There are some weaknesses – there’s no Flash website access, which suddenly feels odd by omission, and you’re limited to USB 2.0 for the expansion port, plus there’s no SD card reader. That’s a problem, as our review model only has a 16GB SSD inside. Yes, you get a gazillion extra gigs of web storage through Google Drive and ASUS’ own cloud service, but nothing beats a big local drive for photo and video work.
As far as benchmarks go, Sunspider tests on the stock browser come in at 608ms, which is a bit slower than some Bay Trail-based tablets and the iPhone 5s, but quicker than Qualcomm-based tablets can muster.
I fully expect NVIDIA’s newest processor, the Tegra K1, to be the best for 3D graphics performance, but that means that the Atom will be second best, and frankly more than good enough for purpose.
Even the speakers on the TF303Cl are better than I expected, front facing and reasonably loud.
The Transformer TF103c arrives running Android 4.4.2, with ASUS’ ZenUI skin running on top. ZenUI is lovely – it brings flat icons (which will be stock in Android from the next revision) and a very elegant control panel. There’s a few extra touches, like a screen calibration app and the ability to take quick notes in one tap, but otherwise it’s very close to a vanilla Android interface – which is a good thing.
The pre-installed apps are pretty good too. There’s some ASUS bloatware that I still can’t figure out, but the bonus calendaring app and time widgets are lovely. You also get Polaris Office as well as Google Docs and Sheets for hard work.
The only thing missing which I’d have liked to see is the ability to run two apps in separate windows simultaneously. It’s almost a criminal waste of the Atom’s grunt not to include this, which is a standard now on Samsung and LG tablets.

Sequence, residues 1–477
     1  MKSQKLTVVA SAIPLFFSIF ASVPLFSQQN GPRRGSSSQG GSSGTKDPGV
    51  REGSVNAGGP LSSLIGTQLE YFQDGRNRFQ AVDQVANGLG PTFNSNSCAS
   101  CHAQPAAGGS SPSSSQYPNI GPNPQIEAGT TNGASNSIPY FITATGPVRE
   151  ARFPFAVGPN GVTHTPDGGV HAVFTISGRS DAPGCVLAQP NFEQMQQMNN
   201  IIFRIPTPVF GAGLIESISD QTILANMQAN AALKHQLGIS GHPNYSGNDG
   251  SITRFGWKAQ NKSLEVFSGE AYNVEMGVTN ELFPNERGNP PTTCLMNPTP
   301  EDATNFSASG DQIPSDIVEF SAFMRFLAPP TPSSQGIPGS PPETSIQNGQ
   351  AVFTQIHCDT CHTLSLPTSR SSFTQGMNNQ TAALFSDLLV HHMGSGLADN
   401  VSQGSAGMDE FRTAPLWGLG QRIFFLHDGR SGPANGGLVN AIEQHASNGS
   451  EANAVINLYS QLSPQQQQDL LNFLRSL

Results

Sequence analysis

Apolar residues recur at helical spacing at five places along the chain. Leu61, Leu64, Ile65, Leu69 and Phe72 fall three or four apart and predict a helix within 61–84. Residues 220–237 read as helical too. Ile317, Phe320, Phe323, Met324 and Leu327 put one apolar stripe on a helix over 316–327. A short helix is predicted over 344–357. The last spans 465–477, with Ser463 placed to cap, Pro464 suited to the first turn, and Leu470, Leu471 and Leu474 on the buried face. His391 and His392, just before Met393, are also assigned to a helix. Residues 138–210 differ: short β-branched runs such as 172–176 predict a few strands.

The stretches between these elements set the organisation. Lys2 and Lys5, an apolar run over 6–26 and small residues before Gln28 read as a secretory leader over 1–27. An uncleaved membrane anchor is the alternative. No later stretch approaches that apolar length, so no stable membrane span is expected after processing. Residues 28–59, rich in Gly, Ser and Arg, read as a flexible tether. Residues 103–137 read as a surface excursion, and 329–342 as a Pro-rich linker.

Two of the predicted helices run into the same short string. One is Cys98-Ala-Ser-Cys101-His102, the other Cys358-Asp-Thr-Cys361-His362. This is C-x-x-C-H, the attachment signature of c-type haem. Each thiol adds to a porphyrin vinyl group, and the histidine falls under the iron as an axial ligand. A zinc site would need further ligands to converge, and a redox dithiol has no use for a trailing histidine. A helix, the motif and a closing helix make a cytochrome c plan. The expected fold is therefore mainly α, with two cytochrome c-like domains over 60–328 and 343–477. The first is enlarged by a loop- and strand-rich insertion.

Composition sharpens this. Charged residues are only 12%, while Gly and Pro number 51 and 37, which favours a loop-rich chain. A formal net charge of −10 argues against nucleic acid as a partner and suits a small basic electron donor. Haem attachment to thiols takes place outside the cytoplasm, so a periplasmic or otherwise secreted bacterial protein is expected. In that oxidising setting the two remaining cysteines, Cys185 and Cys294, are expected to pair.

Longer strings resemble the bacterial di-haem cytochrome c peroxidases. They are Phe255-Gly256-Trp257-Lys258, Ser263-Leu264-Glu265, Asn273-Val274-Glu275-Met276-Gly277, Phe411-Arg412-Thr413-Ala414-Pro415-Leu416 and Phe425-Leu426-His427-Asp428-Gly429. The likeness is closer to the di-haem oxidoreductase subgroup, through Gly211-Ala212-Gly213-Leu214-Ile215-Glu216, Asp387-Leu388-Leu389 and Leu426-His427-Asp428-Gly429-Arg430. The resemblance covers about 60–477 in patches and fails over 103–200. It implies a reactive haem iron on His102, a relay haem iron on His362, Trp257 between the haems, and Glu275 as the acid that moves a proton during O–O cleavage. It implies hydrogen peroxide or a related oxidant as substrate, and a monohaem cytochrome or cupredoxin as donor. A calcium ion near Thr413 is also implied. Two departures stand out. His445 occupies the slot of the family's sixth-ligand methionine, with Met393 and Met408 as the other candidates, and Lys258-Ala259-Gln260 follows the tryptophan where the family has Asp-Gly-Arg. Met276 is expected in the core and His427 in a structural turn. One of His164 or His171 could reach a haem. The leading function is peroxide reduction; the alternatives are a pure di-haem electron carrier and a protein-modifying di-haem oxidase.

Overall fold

Recent tablets have spoiled us when it comes to expectations for battery life, and that is the only aspect of the TF303cl that left me disappointed. The Atom is clearly not as efficient as its ARM-based rivals, and while the TF303cl is good for eight hours or so of light usage it does start to drop quickly if you use it like the workhorse it’s capable of being.
Keeping a browser open and a word processor will see you lose a cool 15% of charge an hour, and playing video really hurts – reducing battery life to six or seven hours if you’re not careful. That’s still all day computing, so it’s manageable, but could be a bind if you’re not careful to keep it topped up.
To rub in the fact that the TF303cl underperforms here, ASUS has stopped putting second batteries in its docks, which was always the appeal of the range over rival slate and keyboards from other manufacturers.
The good news is that it charges relatively quickly from a standard USB port, just in case you forget the dedicated adaptor.
Value for money
The problems with battery life are soon countered, however, by the fact that not only do you get a dual band WiFi adaptor inside the TF303cl, there’s an LTE modem too.
To put that in perspective, a 16GB iPad Air with mobile modem built-in is R8 499. The ASUS TF303cl is just R5 999. You can get a decent Android tablet like the Lenovo Yoga 10.1 for R4 499, but even then you’re looking at a lower res screen and without the handy clamshell form factor the dock provides. Or that lovely Atom processor.
As a pure tablet, the ASUS Transformer TF303c is a bit hefty, a bit pricey to really cut it. If you want something for checking email at home, light web browsing and gaming, there’s slightly more keenly priced and lighter options out there.
Where the Transformer TF303cl excels, though, is as a lightweight laptop replacement. It’s less than a third the price of a decent Ultrabook or MacBook Air, and yet for all intents and purposes does more or less the same thing. Plus it has a built-in modem, seemingly for free.
Should you buy it? If you’re used to using Android and want something cheap, powerful and capable that’s going to reduce the strain on your shoulder while hauling it around then yes, without doubt. It’s a stunningly useful piece of kit and will quickly replace a full laptop as your portable computer of choice – at least until Chromebooks come to South Africa.
If you already have a long-life Haswell-powered Ultrabook with more than eight hours of battery life and just want a slate for watching videos and noodling around the house, then this probably isn’t the tablet for you.
Price: R5 999 (expected)
Model: ASUS Transformer TF303cl
OS: Android 4.4.2
Processor: Intel Atom Z3745 (1.8GHz)
Screen: 10.1inch IPS, 1 920×1 200
Storage: 16GB SSD
Networking: Wireless N (2.4/5GHz), 3G/HSDPA/LTE, Supports Miracast
Expansion: 1xMicroUSB, 1xUSB, 1xAudio (headphone/mic), 1xmicroHDMI
Tablet = 257.4×178.4×9.9mm, 595g
Dock = 257.4×178.4×9.9mm, 550g